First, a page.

In the evolving and complex landscape of oncology, biomarkers are crucial for tailoring and refining clinical decisions for an individual patient. Imaging biomarker panels are at the heart of this transformation, converting raw imaging data into insightful predictions. These panels provide insights into treatment response, risk stratification, prognosis, and potential adverse effects.
Itmay address pivotal questions such as: Will the patient respond to immunotherapy or targeted treatments?
With the power to deliver personalized, predictive insights, the emergence of imaging biomarker panels brings an exciting advancement in oncology.
A biomarker, or biological marker, is a measurable indicator that reflects normal biological processes, pathogenic processes, or responses to therapeutic interventions. Although traditionally associated with genetic or molecular traits, biomarkers span a broad spectrum and can be determined using various methods. These include assessments of body fluids such as plasma, serum, or urine to more invasive techniques requiring tumor tissue for comprehensive analyses involving immunohistochemistry, DNA, and RNA.
Biomarkers serve multiple roles, with prognostic and predictive capabilities being the most significant. Prognostic biomarkers provide insights into a patient’s overall outcome concerning a specific disease, such as cancer. They serve as a valuable guide for clinicians in understanding the likely progression of a patient’s condition. On the other hand, predictive biomarkers offer a view into the possible response of a patient to a specific therapeutic intervention, aiding in tailoring treatment plans to individual patients and reducing the occurrence of adverse effects for optimal results.
Imaging biomarkers provide a non-invasive method to measure biological processes, furnishing insights into disease progression and treatment effectiveness with consistent correlations to patient outcomes.They have become an integral part of the standard-of-care procedure at every stage of disease management. With a minimal turnaround time, they offer indispensable insights into disease progression and treatment efficacy.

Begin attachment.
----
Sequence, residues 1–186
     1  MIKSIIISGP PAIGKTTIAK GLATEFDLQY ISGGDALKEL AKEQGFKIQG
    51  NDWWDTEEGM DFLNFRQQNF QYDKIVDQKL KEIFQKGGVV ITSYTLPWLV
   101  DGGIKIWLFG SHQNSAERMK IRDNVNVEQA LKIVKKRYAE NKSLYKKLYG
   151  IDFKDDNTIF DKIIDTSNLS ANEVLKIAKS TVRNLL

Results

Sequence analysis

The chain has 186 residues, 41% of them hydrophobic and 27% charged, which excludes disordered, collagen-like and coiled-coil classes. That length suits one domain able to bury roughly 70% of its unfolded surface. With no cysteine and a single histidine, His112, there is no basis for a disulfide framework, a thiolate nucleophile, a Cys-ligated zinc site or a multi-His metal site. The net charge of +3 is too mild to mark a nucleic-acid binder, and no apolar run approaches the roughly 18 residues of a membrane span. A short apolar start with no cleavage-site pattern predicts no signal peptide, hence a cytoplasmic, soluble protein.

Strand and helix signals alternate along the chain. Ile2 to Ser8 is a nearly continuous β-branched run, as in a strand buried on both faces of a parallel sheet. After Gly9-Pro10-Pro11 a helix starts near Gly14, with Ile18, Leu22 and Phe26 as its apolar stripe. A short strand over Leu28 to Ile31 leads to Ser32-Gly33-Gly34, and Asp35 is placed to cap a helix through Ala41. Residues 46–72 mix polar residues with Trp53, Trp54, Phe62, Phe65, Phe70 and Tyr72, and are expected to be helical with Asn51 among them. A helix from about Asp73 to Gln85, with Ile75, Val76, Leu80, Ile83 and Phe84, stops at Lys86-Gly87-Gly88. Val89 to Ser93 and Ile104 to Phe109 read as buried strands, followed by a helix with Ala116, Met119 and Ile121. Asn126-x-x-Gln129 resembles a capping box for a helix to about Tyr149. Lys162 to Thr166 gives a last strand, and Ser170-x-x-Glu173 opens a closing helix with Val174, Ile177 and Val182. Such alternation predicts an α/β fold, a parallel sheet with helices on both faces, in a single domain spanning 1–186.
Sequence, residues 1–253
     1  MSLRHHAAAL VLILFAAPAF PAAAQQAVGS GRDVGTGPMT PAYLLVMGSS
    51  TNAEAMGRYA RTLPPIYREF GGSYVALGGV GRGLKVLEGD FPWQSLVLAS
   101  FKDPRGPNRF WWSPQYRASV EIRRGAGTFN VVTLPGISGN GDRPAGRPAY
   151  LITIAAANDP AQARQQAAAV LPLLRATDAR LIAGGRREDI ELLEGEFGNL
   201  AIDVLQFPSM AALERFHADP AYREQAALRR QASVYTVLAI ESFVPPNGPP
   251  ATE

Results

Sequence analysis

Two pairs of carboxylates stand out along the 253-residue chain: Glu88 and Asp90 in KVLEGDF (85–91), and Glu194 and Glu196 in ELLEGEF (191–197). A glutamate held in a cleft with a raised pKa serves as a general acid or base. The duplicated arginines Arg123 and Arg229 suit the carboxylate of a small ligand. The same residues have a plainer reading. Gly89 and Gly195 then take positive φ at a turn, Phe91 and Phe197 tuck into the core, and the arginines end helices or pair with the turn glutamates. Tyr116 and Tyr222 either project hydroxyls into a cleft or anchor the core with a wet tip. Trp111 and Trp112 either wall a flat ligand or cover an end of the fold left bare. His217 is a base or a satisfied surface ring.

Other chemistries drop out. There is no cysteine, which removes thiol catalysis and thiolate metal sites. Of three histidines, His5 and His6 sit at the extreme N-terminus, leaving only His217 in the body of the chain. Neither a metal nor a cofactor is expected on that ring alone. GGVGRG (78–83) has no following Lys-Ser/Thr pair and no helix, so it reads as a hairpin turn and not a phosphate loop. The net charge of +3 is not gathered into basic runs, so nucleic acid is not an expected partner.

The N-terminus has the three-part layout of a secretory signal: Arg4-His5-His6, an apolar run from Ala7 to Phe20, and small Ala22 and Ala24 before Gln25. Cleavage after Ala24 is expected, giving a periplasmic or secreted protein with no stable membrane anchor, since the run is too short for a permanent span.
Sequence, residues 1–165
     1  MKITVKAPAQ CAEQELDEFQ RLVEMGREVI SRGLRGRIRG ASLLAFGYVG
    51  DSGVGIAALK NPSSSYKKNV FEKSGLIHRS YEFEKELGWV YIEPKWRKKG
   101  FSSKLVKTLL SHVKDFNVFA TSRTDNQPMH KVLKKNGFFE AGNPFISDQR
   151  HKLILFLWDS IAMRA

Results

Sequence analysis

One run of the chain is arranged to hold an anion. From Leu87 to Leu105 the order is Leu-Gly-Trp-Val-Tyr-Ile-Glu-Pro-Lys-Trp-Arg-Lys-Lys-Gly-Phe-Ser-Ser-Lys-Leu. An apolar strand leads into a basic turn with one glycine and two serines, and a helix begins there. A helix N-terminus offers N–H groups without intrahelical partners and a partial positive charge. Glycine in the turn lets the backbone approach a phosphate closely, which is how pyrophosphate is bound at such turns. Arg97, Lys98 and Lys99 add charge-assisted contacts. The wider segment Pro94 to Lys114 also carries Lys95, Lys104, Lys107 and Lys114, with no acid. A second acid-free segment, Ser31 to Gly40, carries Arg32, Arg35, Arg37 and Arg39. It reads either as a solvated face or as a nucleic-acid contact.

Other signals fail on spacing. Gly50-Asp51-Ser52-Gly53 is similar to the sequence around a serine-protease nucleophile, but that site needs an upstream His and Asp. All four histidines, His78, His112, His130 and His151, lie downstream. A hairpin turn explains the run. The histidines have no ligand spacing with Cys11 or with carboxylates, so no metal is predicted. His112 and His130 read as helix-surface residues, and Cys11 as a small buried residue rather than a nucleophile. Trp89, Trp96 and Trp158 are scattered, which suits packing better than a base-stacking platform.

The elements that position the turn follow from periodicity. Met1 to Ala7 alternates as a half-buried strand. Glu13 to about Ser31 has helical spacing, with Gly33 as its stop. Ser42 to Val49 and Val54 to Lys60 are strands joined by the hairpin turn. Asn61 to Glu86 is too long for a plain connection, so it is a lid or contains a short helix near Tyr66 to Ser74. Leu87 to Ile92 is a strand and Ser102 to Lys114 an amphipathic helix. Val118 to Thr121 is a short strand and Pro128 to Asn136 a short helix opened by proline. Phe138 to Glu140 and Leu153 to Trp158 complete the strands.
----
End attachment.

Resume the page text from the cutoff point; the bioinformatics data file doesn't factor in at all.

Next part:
The era of imaging biomarker panels
A biomarker panel is a collection of markers identifying various patient subgroups within a disease spectrum. These panels bring complementary information and accuracy to the clinical decision-making process, integrating all data sources into a single report for patient individualization.
Radiomics employs advanced algorithms to extract quantitative features from medical images, revealing patterns often imperceptible to the human eye. This method can be seen as the imaging counterpart to molecular diagnostics, which interprets molecular signatures to identify diseases. By leveraging routine imaging data from modalities like CT, MRI, and PET, radiomics can isolate unique features that offer insights into the heterogeneity of tissues. These insights often have strong correlations with patient outcomes. Such features might arise from specially designed formulas known as radiomics features or be produced by artificial intelligence (AI) architectures that correlate with clinical endpoints, referred to as imaging biomarkers.